RTs in a Disaster

Perusing one of my respiratory journals in early 2001, I happened upon an article about a Disaster Medical Assistance Team. I was intrigued. I always wanted to help my country in some way without having to go to war and this seemed the perfect venue. But what was entailed? I don’t camp and I’m not a risk taker. Despite this, I looked for the DMAT team nearest my home in Maine. This turned out to be the Massachusetts-1 DMAT. I e-mailed the Deputy Commander for some information and received a pile of paperwork nearly a foot thick. I tediously filled out every page and submitted the pile to be reviewed by Washington D.C. headquarters. Unfortunately, it was September 10, 2001. It was a busy day in D.C. so my application took a while to be reviewed and my application accepted. I knew no one on the team. I received an e-mail notification about a field training exercise: rappelling off of the Bourne Bridge to Cape Cod. Afraid of heights but needing to meet team members, I acquiesced and went to the training. I met the most knowledgeable, friendly, accommodating people in the world and I successfully completed the training. I kept an eye on the news, not knowing what circumstances were triggers for deployment.

First Deployment
Time passed with no calls and the possibility of deploying was pushed to the perimeter of my mind until late Christmas Eve 2002. I received a phone call at 1 a.m. asking if I wanted to go to Guam. GUAM?? I had never even heard of GUAM!! Half asleep, I said “Um, sure” and was told to pack and head immediately to the meeting site in Boston. Guam had apparently been hit by a super-typhoon and was devastated. We arrived after 2 days of traveling and went about setting up 2 clinics on either side of the island and supplementing the civilian hospital staff, allowing them to deal with their own families. Two weeks with no clean water, sparse food and living conditions with mold abounding and I couldn’t have been happier. Long hours, little sleep and I had found my calling. The people’s appreciation was amazing and I realized I was part of something big – the best group of medical professionals on Earth.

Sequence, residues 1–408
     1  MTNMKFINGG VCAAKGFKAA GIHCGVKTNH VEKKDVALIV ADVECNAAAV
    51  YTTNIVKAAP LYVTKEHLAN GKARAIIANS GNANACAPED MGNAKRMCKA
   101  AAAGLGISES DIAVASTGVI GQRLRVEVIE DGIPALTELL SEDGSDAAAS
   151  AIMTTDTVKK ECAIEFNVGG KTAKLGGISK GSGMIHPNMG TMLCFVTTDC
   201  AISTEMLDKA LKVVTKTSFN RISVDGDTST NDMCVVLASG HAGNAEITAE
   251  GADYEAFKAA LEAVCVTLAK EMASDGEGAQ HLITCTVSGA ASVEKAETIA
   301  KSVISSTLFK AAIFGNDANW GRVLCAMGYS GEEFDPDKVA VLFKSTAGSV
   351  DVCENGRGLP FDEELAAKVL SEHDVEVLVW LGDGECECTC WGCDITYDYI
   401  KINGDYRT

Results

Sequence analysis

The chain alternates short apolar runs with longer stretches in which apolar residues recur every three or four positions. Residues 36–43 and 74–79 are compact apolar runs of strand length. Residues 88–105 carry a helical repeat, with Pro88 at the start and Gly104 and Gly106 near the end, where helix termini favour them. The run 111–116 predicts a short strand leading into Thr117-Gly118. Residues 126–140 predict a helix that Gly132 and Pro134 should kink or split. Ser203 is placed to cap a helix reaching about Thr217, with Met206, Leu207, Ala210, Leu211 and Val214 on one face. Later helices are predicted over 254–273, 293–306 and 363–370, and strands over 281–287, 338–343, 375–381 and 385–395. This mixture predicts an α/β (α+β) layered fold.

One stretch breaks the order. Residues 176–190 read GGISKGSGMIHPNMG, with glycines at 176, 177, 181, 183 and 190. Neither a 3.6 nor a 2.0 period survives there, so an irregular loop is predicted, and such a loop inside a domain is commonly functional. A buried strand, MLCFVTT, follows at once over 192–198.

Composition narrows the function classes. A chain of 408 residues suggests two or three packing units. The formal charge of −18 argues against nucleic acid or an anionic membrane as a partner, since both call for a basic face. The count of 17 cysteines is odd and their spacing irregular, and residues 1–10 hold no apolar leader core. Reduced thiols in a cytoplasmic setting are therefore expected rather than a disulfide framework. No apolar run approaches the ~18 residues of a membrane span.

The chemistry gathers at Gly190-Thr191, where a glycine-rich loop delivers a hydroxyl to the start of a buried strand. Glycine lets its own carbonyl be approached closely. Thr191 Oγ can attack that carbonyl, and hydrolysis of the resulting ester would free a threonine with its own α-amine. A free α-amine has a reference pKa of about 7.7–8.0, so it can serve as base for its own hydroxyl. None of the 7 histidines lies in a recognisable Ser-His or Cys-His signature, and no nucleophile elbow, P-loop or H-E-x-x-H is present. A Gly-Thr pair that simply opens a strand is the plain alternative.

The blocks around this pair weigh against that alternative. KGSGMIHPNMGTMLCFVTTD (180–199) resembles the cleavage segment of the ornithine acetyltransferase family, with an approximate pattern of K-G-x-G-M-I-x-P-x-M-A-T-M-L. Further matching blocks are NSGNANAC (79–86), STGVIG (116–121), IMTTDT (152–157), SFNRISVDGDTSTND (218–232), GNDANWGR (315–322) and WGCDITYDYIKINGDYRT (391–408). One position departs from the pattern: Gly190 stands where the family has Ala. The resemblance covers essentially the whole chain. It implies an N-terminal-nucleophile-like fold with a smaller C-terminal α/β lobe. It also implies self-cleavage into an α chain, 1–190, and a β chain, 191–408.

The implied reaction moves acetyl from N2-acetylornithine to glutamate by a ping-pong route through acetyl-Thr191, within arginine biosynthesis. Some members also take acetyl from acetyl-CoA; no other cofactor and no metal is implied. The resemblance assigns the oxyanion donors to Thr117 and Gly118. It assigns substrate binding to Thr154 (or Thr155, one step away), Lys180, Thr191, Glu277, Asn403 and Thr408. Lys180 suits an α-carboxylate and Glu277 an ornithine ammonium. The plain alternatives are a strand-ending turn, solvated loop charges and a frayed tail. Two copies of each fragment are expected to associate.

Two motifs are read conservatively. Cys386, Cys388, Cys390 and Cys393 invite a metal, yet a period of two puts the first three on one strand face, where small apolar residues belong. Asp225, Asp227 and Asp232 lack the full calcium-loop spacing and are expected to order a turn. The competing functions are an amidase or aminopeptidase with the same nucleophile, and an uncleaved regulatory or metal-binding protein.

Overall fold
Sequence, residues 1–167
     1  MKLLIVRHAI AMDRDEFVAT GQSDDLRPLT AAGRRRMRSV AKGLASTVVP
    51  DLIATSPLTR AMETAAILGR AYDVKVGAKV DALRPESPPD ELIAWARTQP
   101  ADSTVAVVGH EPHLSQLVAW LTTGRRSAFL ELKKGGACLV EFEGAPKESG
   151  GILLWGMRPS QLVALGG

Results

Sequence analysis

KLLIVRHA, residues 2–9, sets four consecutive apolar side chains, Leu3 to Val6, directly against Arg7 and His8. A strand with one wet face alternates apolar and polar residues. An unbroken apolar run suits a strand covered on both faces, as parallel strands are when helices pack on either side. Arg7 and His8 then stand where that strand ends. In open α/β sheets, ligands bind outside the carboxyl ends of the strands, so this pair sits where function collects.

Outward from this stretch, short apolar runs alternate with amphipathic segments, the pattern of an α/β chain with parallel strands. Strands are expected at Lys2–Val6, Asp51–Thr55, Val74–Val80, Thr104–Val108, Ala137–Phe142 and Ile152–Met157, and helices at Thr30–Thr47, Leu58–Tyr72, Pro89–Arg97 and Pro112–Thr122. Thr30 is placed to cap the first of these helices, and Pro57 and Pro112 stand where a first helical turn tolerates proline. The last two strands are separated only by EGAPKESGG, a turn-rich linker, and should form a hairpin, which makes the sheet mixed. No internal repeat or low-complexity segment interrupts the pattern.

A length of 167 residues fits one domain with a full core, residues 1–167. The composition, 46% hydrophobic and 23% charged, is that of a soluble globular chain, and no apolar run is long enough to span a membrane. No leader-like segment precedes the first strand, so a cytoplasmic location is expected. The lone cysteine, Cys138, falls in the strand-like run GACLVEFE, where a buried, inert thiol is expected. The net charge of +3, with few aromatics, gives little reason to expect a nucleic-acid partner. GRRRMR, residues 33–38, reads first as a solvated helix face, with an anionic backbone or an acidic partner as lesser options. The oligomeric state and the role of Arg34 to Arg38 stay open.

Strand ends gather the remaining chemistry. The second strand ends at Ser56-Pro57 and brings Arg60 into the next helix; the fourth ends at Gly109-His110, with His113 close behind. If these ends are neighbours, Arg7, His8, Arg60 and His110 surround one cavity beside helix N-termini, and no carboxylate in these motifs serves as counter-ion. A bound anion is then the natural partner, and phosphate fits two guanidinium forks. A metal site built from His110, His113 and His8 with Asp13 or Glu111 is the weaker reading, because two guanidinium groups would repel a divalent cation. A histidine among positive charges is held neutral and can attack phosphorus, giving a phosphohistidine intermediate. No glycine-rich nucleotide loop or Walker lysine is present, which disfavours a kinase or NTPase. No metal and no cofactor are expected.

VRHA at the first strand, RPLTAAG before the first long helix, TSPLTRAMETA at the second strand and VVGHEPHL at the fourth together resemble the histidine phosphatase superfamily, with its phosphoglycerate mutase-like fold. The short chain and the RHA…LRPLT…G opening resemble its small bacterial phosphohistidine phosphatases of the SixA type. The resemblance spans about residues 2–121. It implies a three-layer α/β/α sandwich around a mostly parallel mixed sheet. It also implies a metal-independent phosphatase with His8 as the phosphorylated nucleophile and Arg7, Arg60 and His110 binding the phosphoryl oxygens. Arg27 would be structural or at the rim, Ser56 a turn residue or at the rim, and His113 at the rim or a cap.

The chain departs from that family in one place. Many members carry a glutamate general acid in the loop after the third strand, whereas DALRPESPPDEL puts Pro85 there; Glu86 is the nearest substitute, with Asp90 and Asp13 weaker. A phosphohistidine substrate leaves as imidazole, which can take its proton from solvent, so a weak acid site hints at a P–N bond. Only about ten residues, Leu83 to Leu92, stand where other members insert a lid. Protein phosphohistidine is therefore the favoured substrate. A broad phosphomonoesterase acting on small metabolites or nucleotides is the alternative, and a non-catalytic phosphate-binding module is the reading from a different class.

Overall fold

A New Calling
I vowed I would go anywhere with this group. Little did I know that the following year, I would get another late night call, this time the day after Christmas to go to Iran, which had suffered a devastating earthquake. Without hesitation I replied “Yes” and we were on our way. Once there we set up a mobile hospital with an operating room facility, pharmacy and intensive care capabilities in 5 hours and began treating patients. To date, I have also been deployed to Louisiana, Mississippi, Haiti, New York, Georgia, Alabama, Massachusetts and California.

Overcoming Challenges
As a respiratory therapist, the difficulties encountered with all of these deployments included limited resources like oxygen and disposable equipment, especially the first few days and minimal versatility to the equipment, such as ventilators. When working with DMAT, therapists must be able to improvise, use their knowledge and expertise and sometimes jerry-rig to accomplish the task at hand. This has required me, personally, to hand ventilate children in Iran for 16 hours and in Haiti for 19 hours until evacuation could be arranged. Nothing is more rewarding than being responsible for saving the lives of those in desperate need, victims of disasters, both domestically and internationally.

Related Content

Disaster Medical Assistance Teams

One RT’s passion for helping others leads her to join a federal disaster response team

Recent Activity
Recently, in addition to our Hurricane Sandy response, several DMATs were deployed to Oklahoma for the tornadoes that struck so violently. Within hours, teams set up mobile sites for definitive patient care.

Our deployments occur within hours of the disaster strike so we are always at the ready. We commit for at least 2 weeks at a time and there are 60+ teams across the U.S., including teams specific for animal care. There is nothing more enriching than being a part of a group of selfless humanitarian healthcare providers who go to the greatest lengths imaginable to help their fellow man in times of severe disaster and I am a proud member of the MA-1 DMAT.

To get more information about DMAT and application guidelines, requirements and processes, contact your local DMAT which can easily be found with an internet search.

David Kissin is a respiratory care practitioner IV at Maine Medical Center, Portland, Maine, and part of the U.S. Department of Health and Human Services National Disaster Medical System.

About The Author